Now, add to this mix the effects of 40 years of policy success by a corporate-funded movement determined to undermine the public safety net and zealously promote the notion of a dog-eat-dog, survival-of-the-fittest world, plus the worst economic downturn in 75 years and the sea change represented by the election of Barack Obama, and you've got quite a stew in which to cultivate a political movement based on looking to the past.

Indeed, there's nothing particularly new or original about such a development in the face of rapid societal change. There are scores of historical examples in which conservative movements have ridden waves of fear and corporate money to power through the use of macho, nativist appeals about threats to the mother country and violent language and imagery. Heck, look at modern Iran and Russia.

Strange as it may seem, allusions to violence and weapons in such situations are a salve to many. Especially for white men – the group of Americans whose once unchallenged position atop the societal heap is now at least subject to question – guns say "Stop! Go no further. Do not cross this line."

Actual use of a weapon (or even ownership, for that matter) may be the exception rather than the rule, but these people like the idea of it; the notion that weapons are out there to send a very tangible message to "the other." Unfortunately, in such an environment, some disturbed outliers (like Timothy McVeigh, Eric Rudolph and Jared Loughner) fail to catch on that the guns and weapons bravado is just supposed to be a pose.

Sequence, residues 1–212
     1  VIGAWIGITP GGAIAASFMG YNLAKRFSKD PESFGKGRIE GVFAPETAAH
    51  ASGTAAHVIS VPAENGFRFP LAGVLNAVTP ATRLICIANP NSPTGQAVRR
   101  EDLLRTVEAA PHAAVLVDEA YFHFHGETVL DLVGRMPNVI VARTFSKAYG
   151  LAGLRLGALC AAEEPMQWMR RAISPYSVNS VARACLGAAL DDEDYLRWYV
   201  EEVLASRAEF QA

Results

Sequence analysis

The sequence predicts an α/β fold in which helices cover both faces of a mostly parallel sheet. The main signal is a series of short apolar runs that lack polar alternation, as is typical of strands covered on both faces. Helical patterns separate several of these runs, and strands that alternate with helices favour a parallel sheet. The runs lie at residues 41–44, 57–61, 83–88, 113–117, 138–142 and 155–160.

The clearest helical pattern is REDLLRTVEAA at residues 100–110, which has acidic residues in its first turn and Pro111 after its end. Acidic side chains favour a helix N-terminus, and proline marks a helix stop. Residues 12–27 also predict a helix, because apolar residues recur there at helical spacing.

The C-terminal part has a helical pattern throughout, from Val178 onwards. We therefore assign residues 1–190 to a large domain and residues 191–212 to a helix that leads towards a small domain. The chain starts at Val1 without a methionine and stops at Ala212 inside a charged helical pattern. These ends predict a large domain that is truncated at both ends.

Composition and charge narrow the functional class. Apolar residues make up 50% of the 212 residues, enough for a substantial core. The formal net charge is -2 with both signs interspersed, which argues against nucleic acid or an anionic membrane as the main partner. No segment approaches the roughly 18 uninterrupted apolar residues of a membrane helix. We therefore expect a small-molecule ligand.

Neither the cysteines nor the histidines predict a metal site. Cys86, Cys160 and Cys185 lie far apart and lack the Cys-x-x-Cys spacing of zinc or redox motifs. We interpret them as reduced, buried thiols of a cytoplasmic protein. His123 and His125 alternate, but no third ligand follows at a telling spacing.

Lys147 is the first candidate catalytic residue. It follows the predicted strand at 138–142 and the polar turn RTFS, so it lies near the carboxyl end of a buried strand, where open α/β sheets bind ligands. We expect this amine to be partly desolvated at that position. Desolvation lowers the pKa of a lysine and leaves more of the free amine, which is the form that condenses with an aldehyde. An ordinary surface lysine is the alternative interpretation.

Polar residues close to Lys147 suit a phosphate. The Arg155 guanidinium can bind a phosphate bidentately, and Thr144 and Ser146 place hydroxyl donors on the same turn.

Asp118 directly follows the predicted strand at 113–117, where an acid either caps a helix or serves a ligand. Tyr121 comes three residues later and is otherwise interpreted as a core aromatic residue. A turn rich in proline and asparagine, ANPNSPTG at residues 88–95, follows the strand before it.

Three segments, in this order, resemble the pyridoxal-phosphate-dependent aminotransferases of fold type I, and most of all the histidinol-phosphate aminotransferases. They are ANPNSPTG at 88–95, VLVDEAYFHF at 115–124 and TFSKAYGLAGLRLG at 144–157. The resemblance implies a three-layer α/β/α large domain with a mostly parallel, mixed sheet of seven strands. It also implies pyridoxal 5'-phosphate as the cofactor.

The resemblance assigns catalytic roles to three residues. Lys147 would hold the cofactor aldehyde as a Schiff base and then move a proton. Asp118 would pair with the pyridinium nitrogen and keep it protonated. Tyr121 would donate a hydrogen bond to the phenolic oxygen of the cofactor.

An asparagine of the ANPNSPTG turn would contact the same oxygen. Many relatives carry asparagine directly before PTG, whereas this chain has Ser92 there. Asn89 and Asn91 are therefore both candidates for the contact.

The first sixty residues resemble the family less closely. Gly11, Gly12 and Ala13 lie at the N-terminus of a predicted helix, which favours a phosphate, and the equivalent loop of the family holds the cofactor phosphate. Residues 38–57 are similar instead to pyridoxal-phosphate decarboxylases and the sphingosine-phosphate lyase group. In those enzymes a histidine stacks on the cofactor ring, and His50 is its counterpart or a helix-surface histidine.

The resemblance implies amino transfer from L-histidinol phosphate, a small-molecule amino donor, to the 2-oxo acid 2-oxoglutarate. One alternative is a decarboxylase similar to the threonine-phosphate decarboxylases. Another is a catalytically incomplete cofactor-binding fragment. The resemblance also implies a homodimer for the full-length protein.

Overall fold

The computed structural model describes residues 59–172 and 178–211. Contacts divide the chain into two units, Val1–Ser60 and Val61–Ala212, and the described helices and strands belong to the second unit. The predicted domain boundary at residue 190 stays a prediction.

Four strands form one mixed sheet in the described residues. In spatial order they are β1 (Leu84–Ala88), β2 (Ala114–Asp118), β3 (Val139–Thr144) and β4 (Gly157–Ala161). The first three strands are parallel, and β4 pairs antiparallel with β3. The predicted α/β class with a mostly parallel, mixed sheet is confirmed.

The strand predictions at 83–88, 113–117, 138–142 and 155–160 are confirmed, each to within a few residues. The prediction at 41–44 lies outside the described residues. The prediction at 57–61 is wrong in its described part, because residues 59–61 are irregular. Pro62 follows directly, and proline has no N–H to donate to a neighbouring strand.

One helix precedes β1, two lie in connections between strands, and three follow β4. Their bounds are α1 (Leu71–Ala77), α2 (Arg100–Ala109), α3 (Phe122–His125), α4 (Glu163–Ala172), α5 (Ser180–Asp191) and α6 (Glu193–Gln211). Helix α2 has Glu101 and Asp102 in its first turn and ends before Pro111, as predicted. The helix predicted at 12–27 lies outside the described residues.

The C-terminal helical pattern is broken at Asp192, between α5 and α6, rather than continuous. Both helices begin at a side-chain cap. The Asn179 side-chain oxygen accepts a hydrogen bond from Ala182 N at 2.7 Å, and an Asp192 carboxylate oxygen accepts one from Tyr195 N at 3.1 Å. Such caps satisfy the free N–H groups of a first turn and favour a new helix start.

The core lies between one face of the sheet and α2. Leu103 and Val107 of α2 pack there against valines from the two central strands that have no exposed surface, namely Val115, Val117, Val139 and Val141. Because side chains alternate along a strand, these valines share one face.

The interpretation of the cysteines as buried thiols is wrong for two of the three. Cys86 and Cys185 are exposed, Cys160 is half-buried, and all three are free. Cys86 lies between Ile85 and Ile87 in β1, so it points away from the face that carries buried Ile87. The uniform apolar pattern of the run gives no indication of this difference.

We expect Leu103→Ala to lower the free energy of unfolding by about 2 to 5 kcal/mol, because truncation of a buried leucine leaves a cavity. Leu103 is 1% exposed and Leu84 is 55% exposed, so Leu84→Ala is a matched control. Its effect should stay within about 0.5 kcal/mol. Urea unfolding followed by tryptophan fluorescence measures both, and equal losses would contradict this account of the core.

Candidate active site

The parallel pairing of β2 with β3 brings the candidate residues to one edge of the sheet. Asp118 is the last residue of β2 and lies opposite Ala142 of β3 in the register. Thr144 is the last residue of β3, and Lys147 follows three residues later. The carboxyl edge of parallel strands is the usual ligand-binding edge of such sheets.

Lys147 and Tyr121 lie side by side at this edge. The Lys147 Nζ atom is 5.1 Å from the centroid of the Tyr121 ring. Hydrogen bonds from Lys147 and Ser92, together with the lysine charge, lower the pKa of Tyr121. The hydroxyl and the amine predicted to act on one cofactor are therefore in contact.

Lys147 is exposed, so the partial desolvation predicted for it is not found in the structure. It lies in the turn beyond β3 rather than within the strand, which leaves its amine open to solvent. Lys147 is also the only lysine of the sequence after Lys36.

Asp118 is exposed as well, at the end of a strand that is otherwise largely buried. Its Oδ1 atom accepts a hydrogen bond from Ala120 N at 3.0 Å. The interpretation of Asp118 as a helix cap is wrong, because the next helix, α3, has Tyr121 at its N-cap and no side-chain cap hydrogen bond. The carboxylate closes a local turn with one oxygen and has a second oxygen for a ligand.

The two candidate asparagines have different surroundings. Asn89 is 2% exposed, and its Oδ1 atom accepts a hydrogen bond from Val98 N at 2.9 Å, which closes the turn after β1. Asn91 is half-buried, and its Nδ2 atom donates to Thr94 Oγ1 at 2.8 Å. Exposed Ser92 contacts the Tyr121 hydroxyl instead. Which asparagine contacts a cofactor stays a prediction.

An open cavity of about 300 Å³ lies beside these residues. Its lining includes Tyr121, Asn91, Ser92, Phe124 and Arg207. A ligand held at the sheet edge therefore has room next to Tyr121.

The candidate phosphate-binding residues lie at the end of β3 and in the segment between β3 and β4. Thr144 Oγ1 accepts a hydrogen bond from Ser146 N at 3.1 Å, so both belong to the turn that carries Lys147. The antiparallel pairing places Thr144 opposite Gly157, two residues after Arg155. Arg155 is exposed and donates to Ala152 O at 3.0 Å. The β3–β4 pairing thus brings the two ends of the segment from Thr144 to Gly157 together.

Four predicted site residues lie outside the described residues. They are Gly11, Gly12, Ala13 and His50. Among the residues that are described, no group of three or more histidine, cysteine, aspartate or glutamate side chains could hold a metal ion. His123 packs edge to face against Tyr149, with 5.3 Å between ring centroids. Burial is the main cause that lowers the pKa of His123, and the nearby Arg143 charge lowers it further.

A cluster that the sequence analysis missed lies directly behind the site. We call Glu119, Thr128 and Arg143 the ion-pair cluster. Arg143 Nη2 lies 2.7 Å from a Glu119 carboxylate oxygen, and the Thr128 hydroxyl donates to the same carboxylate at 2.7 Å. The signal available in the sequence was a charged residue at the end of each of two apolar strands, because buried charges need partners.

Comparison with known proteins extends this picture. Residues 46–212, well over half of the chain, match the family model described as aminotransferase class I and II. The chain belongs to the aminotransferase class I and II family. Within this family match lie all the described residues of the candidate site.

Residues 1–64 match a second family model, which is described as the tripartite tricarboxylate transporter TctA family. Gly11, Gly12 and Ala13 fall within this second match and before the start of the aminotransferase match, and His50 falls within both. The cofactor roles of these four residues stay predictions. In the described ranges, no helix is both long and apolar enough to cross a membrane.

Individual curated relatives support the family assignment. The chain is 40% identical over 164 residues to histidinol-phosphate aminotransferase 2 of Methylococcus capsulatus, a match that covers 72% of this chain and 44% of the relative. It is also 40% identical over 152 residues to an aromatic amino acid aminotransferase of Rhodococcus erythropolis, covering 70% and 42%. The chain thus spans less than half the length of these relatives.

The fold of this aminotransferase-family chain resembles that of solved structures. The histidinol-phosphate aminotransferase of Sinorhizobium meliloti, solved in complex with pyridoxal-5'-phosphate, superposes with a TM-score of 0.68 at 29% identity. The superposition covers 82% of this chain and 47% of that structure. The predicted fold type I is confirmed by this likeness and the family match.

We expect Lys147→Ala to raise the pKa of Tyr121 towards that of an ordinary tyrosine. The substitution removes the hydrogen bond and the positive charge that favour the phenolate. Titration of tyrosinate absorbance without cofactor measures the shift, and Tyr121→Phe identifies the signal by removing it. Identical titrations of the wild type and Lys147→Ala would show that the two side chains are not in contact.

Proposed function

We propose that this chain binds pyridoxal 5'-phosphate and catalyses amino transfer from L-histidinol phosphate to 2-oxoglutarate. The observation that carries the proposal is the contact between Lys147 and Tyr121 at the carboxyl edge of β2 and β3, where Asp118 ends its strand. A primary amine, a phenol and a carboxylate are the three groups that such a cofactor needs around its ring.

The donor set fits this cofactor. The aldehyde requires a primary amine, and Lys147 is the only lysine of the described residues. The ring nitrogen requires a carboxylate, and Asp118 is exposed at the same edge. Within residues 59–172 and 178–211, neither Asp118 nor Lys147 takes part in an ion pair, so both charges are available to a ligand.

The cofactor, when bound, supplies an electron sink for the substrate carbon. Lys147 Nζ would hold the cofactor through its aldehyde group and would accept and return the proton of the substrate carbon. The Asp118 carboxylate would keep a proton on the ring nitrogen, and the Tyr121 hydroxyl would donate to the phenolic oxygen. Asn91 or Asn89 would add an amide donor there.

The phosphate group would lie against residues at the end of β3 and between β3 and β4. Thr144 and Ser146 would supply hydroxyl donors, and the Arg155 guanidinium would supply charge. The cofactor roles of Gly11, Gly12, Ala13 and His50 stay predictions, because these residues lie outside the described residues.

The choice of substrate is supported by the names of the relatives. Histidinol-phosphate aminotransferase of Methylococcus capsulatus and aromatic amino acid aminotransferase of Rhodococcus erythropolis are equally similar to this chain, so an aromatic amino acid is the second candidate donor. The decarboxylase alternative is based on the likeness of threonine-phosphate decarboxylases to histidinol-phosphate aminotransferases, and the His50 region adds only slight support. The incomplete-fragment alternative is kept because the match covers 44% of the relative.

So, what do we do?

Finding the antidote to the kind of tragic violence that occurred in Tucson this past weekend will not be easy. Having brought the heat under the stew up to a slow boil, we may find it hard to cool things down overnight.

In the near term, though, the direct approach put forward by a lot of people of varying political persuasions – ratcheting back on the rhetoric and purging the violent references and imagery – is a good start. The less we expose the Jared Loughners of the world to such ideas, the better.

In the long run, however, the real solution has to involve addressing the root cause, namely, the fear of the future and of the unknown that afflicts so many. Here, three solutions stand out:

First is a renewed commitment to economic growth and revitalization and a robust safety net. Nothing soothes fear of the future like widely shared economic security.

Second is a lot more patient, persistent myth-busting. If we are to halt cynical manipulation of the fearful, thinking people must speak out calmly, forcefully and repeatedly to respond to (or as Sarah Palin might say, "refudiate") the right-wing propaganda machines. We need more strong and active progressive voices.

Finally, is a revived American peace movement. While most progressives still celebrate peace and its most famous champions (i.e. Jesus, Gandhi, MLK, the Dalai Lama) explicit use of peace language seems to have lost some its "coolness." Now seems like a good time to try it do something about this.

Seventy years ago in the 1941 State of the Union speech, President Franklin Roosevelt listed "freedom from fear" as one of the four core freedoms for which our country must stand. He was right, of course. In 2011, there are few better things that we could do to i
mprove our democracy and the public discourse upon which it depends than to heed Roosevelt's call to strengthen and preserve that freedom.

About the author

Rob Schofield, Director of NC Policy Watch, has three decades of experience as a lawyer, lobbyist, writer and commentator. At Policy Watch, Rob writes and edits daily online commentaries and handles numerous public speaking and electronic media appearances. He also delivers a radio commentary that’s broadcast weekdays on WRAL-FM and WCHL and hosts News and Views, a weekly radio news magazine that airs on multiple stations across North Carolina.